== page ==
So, listen, none of us are going to get out of here alive, and I just really kind of know the timeline.  So to stick your head in the sand at this point and just being in denial can actually end up making the end of your life much more miserable, as I have heard from others who have continued fighting beyond when they should have. 

And I never heard one widow say we should have fought harder.  The answer was always we shouldn't have fought that hard in those last six months to a year.  And I listen.  I listen to people and I really learn, and so that's my choice.  So life doesn't have to be hopeless just because we know we're going to die because, Andrew, I hate to break it to you, but you're going to die, too.  Everyone's…

Andrew Schorr:

…it's a one‑way trip.  

Cherie Rineker:

Right.  So if we—I'm really—in my book and in the talks that I give now I would like to‑‑I tell people I've befriended death in the sense that I just recognize it's part of life.  It's what I'm going to do.  I've lived a dignified life, and I want to die a dignified death. 

Andrew Schorr:

Cherie, thank you for sharing that.  So for our listeners and there are people, we've done some other discussions about this, people say, well, there you are at Patient Power, you're taking away our hope.  That is not it.  It is, so Cherie has had hope 16 times with different medicines, and even though in her particular cancer, multiple myeloma, there's been a lot of progress, drug approvals, many clinical trials, it doesn't work for everybody.  And so for whatever reason for Cherie now she's going to give it one last shot with her doctor, right, Cherie? 

Cherie Rineker:

Right. 

Andrew Schorr:

And see if that works and hope for that, but if it doesn't you have a plan.  You've taken back control. 

Cherie Rineker:

Right.  Right.  Yeah, you're absolutely right.  And, you know, I've participated in trials, and trials don't always end up good either.  People die on trials.  So I was speaking to my friend Dana Holmes yesterday, and she actually told me—I asked her if I could say this—she said, you know, what you're doing with death with dignity is really just taking on another line of treatment in a sense, and the treatment being easing into death versus having a rougher end.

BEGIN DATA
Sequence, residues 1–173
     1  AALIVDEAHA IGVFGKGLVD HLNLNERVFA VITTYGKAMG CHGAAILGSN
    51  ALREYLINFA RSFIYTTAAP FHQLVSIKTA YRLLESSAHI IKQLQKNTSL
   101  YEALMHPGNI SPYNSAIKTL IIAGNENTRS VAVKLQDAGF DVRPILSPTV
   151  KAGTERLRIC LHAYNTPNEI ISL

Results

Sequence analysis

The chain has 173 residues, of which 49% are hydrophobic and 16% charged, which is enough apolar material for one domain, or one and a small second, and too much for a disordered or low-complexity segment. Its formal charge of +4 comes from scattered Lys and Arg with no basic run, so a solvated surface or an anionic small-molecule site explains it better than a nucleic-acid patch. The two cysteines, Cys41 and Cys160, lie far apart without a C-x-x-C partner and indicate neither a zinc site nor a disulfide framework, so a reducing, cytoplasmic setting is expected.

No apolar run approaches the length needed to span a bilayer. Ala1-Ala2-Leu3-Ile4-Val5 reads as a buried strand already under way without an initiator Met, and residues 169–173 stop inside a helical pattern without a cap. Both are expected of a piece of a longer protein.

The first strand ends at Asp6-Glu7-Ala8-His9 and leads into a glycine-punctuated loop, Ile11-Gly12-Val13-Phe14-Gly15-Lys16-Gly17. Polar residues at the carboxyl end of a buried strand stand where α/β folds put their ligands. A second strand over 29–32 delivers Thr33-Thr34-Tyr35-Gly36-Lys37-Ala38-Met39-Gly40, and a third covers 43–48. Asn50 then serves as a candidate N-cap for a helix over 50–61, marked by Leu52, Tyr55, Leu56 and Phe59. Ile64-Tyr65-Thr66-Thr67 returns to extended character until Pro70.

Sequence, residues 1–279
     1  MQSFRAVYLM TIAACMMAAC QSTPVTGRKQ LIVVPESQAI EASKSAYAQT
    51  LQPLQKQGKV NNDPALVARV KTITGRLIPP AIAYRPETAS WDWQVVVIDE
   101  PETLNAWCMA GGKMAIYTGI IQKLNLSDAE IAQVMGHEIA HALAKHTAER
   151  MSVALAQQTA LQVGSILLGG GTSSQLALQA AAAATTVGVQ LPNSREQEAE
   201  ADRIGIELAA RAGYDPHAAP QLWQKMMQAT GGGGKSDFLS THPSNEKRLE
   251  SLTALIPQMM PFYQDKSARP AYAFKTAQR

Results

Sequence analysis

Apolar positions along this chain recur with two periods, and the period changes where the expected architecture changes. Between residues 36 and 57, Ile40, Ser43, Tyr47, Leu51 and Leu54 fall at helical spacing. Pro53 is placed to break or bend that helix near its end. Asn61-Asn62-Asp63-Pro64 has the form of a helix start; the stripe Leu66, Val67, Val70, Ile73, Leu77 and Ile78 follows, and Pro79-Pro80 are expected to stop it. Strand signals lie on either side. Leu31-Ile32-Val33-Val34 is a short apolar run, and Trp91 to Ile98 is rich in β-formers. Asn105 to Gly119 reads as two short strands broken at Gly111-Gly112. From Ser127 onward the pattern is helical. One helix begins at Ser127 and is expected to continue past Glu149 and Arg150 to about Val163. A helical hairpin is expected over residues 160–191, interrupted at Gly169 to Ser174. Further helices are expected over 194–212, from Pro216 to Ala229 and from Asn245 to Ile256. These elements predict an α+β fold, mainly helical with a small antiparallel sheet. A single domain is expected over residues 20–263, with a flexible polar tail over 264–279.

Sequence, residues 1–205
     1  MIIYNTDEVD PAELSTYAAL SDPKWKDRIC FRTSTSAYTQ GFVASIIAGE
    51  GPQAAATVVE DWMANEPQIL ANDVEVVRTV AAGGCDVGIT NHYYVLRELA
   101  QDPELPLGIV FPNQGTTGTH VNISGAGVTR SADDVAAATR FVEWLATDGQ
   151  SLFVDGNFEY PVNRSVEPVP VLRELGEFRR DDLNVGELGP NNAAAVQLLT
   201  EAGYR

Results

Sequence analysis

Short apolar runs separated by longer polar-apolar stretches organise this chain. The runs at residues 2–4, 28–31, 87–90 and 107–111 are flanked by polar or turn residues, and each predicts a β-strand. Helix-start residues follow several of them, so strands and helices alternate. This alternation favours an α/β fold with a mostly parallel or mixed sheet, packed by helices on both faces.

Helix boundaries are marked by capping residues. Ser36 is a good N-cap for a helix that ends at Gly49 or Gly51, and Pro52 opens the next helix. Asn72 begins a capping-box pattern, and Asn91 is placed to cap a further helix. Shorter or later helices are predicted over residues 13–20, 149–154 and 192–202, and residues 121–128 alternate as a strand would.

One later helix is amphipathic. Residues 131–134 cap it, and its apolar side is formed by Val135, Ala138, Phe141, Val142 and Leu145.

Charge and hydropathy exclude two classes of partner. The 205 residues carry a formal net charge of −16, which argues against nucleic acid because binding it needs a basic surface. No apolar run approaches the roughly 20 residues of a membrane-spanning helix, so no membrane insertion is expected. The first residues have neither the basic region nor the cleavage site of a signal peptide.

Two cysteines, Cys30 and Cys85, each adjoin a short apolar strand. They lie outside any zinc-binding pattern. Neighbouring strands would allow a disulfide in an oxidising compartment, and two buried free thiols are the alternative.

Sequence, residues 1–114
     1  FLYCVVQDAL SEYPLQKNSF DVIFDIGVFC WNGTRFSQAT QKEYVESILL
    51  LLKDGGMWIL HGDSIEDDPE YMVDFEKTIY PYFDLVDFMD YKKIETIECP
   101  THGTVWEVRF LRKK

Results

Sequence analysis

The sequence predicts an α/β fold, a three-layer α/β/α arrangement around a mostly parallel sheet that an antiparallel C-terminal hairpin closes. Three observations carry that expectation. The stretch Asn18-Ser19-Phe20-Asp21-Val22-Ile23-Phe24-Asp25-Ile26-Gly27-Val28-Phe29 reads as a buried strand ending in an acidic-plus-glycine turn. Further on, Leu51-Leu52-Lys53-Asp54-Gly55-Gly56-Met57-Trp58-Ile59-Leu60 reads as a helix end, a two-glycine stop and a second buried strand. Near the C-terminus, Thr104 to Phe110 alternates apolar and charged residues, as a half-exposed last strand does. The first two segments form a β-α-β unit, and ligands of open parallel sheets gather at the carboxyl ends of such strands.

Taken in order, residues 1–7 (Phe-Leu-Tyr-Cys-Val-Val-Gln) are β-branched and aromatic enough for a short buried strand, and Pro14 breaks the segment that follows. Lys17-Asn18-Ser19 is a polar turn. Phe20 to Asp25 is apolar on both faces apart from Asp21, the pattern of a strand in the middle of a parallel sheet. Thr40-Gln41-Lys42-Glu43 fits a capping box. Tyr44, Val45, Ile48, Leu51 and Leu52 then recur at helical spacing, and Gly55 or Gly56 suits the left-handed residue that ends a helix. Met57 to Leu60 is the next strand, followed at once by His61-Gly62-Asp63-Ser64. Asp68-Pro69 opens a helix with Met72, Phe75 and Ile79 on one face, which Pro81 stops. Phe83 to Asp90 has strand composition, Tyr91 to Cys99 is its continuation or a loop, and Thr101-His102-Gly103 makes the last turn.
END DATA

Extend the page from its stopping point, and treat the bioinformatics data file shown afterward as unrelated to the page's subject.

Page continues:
And so we're talking about a possible trial.  It's straight—how do you say it—from mice to men, so it's very, very risky.  And I still haven't quite decided do I want to do it because that might not go pretty at all.  But I may do it.  

But if that doesn't work then the death of dignity would just be another line of treatment.  I just would know the outcome, which would be easing myself out of this world.  I've always promised my followers that I'll give you the good, the bad and the ugly, and I concentrate on—I mean, I cry sometimes but I live my life full of joy and gratitude.  So it's part of the conversation, you know. 

Andrew Schorr:

Well, Cherie as you know, at Patient Power we reach people with many different cancers, whether it's advanced prostate cancer or lung cancer or breast cancer or leukemias and myelofibrosis like I have, whatever it is, it's something I could face myself, of course.  And so each of us will come with our own personal values and the discussion like you've had with your family.  We will look at the laws as they exist in the state where you live or the state where you choose to relocate.  You did. 

Cherie Rineker:

Right.  

Andrew Schorr:

And then you have your options on—I have a friend with advanced prostate cancer who made the same decision in California.  It was really tough for all of us.  It was tough for his wife.  But he thought about it, discussed it and said that was his choice.  For someone else and some other people watching you may say I would never do that, or my religion, I don't believe in it, and that's okay.  But, Cherie, you are comfortable with the plan you have.